The Galapagos Islands
On March 4, 2018, my classmates and I were en route to the most pristine location on the planet: the Galapagos Islands. Upon traveling to this Garden of Eden, I was posed with a question that would resonate with me throughout the entirety of the trip and long after. Should people travel to the Galapagos? I wish the answer to this was plain black and white, but the world is a little bit more vibrant than that. In short – to answer this ‘yes’ or ‘no’ question – yes, people should travel to the Galapagos. However, I refuse to categorize this question as a closed one because, since the moment it was posed, it has left my mind open, pondering as to whether or not the benefits from my journey outweighed its obstruction to the health of the islands.
The primary reason why I have decided to allow people onto the islands – naturally having assumed the role of its gatekeeper – is due to the fact that it has already had its fair share of destruction from its past visitors. I believe it is now the duty of today’s people to salvage what is left and nurture the islands back to their optimal conditions as best as possible. This leads me to enforce limitations as to who shall visit the islands.
One of the many fascinating activities on this global excursion included visiting The Galapagos Science Center on San Cristobal Island. This was where my group and I met Juan Pablo, a research coordinator at the center. It was through his lecture where we became aware of micro-plastics and how the accumulation of trash and loss of marine life is in large part due to plastic in general. In addition to visiting the science center, we were welcomed onto a farm in the highlands. Giovanni, the primary farmer and owner, humbled us through his passion and determination to raise farm animals with respect and cultivate endangered plant species. It is people like Juan Pablo and Giovanni who should travel to the Galapagos, simply to do their share of nurturing and maintaining the health of the islands and the diverse species they house. Those who possess curiosity and want to practice charitability should travel to the Galapagos with the intention of expanding that curiosity and exercising that charitability. Gallivanting for leisure just won’t do.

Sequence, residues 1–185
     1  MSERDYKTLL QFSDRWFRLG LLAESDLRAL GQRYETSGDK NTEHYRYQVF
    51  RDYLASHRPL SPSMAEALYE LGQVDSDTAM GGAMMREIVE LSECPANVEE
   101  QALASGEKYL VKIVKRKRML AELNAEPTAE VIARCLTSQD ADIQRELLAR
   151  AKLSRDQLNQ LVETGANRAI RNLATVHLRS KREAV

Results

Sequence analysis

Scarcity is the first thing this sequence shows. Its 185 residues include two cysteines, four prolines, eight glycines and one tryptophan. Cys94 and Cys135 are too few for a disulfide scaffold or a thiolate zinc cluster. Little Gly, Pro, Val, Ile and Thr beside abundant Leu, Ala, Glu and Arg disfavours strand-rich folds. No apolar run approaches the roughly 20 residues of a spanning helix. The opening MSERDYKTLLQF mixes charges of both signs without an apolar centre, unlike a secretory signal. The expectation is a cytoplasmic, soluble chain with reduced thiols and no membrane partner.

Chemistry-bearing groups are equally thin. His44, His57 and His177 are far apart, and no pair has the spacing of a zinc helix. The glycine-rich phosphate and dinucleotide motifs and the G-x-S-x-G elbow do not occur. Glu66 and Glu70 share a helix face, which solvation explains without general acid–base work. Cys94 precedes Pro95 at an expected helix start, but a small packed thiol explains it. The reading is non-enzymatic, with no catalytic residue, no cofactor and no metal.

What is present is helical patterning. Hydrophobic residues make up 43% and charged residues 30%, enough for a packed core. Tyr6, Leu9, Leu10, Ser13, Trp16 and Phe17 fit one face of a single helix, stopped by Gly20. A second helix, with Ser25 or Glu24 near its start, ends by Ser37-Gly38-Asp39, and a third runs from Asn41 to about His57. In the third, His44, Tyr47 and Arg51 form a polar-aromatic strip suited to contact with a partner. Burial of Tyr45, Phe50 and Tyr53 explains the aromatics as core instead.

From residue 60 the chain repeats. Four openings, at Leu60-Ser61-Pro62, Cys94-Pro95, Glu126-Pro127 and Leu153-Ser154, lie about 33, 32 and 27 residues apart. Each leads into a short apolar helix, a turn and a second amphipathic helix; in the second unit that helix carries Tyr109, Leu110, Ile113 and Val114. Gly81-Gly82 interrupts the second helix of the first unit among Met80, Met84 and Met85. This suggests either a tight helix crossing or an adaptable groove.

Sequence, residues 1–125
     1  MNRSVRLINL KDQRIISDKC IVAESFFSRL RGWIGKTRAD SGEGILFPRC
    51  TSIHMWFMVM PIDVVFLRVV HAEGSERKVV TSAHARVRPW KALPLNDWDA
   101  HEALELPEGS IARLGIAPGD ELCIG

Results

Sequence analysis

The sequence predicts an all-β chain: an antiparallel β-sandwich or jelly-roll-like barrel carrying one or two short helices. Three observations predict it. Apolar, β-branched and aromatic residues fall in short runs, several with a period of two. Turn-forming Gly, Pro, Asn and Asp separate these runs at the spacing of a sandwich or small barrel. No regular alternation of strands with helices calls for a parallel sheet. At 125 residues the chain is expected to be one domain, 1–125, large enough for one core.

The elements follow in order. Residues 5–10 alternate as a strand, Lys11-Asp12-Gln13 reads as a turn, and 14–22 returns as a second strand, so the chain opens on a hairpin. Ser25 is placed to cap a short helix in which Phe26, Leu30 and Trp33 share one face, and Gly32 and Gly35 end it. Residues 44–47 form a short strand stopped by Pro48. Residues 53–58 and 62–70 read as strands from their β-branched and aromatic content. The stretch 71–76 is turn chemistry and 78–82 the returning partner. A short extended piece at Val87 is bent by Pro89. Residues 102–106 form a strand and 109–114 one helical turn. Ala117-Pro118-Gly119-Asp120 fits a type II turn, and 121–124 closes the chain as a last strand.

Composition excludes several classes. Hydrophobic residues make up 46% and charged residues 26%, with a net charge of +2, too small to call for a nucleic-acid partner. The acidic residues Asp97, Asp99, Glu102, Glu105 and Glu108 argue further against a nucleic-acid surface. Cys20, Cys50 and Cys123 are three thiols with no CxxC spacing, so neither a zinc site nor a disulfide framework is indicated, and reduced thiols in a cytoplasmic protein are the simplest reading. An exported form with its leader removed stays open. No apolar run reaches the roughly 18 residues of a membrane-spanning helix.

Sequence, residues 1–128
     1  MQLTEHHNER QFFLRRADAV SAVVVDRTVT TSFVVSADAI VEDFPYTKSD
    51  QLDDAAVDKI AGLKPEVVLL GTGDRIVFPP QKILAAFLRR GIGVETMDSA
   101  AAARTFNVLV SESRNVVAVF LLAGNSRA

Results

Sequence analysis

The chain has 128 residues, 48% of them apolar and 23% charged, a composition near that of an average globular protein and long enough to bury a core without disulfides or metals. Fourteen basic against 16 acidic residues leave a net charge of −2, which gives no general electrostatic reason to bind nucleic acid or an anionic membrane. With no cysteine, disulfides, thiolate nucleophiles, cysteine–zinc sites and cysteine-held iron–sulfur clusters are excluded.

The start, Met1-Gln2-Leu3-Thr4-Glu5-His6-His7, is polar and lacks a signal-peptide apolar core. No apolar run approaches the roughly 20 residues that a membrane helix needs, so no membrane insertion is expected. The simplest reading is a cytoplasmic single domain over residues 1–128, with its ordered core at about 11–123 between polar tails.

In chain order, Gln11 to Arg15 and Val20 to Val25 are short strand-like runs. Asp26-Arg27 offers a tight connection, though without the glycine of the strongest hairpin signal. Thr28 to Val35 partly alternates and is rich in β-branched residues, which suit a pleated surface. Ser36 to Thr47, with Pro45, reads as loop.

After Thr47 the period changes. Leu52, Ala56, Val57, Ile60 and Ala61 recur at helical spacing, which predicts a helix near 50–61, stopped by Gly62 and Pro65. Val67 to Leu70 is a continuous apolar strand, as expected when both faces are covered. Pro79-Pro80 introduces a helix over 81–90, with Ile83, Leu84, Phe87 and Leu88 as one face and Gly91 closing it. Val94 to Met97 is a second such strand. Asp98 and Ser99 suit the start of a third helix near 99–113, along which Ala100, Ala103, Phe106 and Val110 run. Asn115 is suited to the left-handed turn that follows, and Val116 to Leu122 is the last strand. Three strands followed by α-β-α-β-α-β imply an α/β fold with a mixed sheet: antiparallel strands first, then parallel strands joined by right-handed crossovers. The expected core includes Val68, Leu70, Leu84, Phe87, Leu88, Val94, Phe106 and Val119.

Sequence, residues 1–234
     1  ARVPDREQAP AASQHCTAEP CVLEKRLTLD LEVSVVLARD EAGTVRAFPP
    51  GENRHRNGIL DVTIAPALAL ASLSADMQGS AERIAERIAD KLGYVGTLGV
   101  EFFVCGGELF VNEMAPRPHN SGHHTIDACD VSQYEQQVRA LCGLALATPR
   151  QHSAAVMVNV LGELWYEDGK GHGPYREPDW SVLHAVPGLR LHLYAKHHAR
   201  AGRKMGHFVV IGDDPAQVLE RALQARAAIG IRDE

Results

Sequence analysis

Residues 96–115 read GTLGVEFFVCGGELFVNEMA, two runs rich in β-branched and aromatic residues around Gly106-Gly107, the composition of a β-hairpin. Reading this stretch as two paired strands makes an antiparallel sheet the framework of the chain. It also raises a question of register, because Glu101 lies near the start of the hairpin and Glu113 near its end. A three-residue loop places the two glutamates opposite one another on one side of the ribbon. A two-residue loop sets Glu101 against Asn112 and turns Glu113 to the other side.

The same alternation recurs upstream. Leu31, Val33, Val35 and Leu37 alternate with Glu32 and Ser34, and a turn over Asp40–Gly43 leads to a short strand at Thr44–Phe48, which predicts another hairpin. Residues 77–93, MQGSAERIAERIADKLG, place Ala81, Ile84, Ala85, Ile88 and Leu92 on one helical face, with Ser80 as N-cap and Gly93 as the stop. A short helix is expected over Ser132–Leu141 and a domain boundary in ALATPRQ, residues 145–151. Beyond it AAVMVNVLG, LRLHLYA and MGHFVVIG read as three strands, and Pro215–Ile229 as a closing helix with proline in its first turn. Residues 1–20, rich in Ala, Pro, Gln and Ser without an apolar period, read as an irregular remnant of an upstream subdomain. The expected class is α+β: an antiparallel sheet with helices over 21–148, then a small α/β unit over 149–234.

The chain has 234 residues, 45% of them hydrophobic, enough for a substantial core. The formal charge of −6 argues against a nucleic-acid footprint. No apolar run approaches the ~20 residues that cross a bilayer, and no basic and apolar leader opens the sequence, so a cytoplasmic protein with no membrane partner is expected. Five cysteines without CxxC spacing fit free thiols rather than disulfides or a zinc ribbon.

Steve Irwin could not have summed up my experience to the Galapagos any better when he stating this quote, “If we can teach people about wildlife, they will be touched because humans want to save things that they love.” After Galapagos, as I carry on through this larger journey called life, I am more cognizant of my wasteful behavior that must change if I want to do my share of saving the world. Ultimately, we should protect a planet we love.
Credit: Images by Alexandra Lombardo, licensed under CC BY NC 4.0